DEPARTMENT OF HISTORY
History 398 - Fall 2006
Technologies and Their Societies: Historical Perspectives
Third Essay - Final Exercise
Write an essay of about 2000 words on ONE of the following questions. Your answer should reflect your knowledge of the readings and lectures through the choice of appropriate examples to document and illustrate your argument. The essay is due by 3:00 PM, 22 January, in my "to Mahoney" box in the History Office, 129 Dickinson Hall. Extensions may be granted only by an appropriate Dean or Director of Studies. Be sure you sign the correct pledge as given below. Your signature affixed to this pledge attests that you have read and understand the provisions set forth in Academic Integrity at Princeton.
In "What Declan Doesn't Get," the final chapter of Code and Other Laws of Cyberspace,
Lawrence Lessig asks why Net libertarians like Declan McCullagh "are
proud to leave things to the invisible hand." Indeed, Lessig, who calls
for limited governance of cyberspace, posits that, contrary to
libertarians' belief that freedom will flourish only in an unregulated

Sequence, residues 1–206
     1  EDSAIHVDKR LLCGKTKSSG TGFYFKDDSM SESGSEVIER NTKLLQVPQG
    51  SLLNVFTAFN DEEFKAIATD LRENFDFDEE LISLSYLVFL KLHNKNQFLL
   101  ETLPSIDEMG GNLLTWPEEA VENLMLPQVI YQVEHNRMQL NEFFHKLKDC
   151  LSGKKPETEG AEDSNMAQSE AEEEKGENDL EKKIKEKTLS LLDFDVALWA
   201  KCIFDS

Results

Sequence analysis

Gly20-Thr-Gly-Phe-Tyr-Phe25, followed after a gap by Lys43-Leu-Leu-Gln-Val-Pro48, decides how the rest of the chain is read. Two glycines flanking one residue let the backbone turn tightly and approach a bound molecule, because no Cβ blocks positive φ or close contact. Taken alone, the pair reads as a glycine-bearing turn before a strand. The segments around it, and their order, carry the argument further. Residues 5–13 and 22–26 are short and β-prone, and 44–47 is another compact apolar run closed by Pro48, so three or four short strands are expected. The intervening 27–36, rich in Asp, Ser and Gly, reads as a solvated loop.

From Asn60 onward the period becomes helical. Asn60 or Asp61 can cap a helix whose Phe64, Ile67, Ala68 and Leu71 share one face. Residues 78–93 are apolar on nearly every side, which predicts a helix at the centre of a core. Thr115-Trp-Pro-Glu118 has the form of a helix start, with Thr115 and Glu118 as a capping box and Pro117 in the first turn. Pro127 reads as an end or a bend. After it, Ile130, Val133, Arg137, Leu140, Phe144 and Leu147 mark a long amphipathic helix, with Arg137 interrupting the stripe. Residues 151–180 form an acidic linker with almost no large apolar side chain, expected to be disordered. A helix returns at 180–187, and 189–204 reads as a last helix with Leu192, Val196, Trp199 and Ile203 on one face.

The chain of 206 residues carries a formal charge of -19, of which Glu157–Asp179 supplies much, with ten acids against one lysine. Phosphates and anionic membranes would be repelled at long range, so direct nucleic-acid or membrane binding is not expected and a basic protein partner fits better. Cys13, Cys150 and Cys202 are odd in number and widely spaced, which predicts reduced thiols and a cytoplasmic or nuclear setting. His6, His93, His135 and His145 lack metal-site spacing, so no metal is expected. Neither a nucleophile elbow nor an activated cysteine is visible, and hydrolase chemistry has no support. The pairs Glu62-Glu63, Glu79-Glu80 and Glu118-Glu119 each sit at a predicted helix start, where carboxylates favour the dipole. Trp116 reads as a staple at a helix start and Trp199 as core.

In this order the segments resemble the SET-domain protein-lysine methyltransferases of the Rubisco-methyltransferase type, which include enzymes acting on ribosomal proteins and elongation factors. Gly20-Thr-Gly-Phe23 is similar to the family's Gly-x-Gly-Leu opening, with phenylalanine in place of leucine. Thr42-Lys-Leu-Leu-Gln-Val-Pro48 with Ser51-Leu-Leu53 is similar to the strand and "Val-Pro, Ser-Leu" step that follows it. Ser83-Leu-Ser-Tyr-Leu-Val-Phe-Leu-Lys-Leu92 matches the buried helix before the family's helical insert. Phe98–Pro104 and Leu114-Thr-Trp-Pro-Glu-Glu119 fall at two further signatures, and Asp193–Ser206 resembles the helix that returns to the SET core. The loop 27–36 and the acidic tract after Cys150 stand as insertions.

cyberspace, "[t]he invisible hand, through commerce, is constructing an
architecture that perfects control--an architecture that makes possible
highly efficient regulation."
One could argue that both McCullagh (libertarian) and Lessig (interventionist/regulator) want to manipulate a technological system in such a way that it maximizes liberty for the greatest number of people. The perspective of a historian of technology might help. Counsel each side of the internet regulation debate using themes and examples from Stephen Meyer's The Five Dollar Day, the Lynds' Middletown, and Langdon Winner's "Do Artifacts Have Politics?" Keep in mind that "architecture" is only one of four modes of regulation discussed by Lessig.
Using Lessig's Code and Other Laws of Cyberspace together with the lectures and readings, address Langdon Winner's comment in testimony before a Congressional committee in April 2003 that "The acceptance of any technology requires the building of a broad social coalition that agrees to support its introduction and use." (http://www.rpi.edu/%7Ewinner/testimony.htm). Be sure to root your discussion in specific examples taken from several different periods covered by the course.
"This paper represents my own work in accordance with University regulations."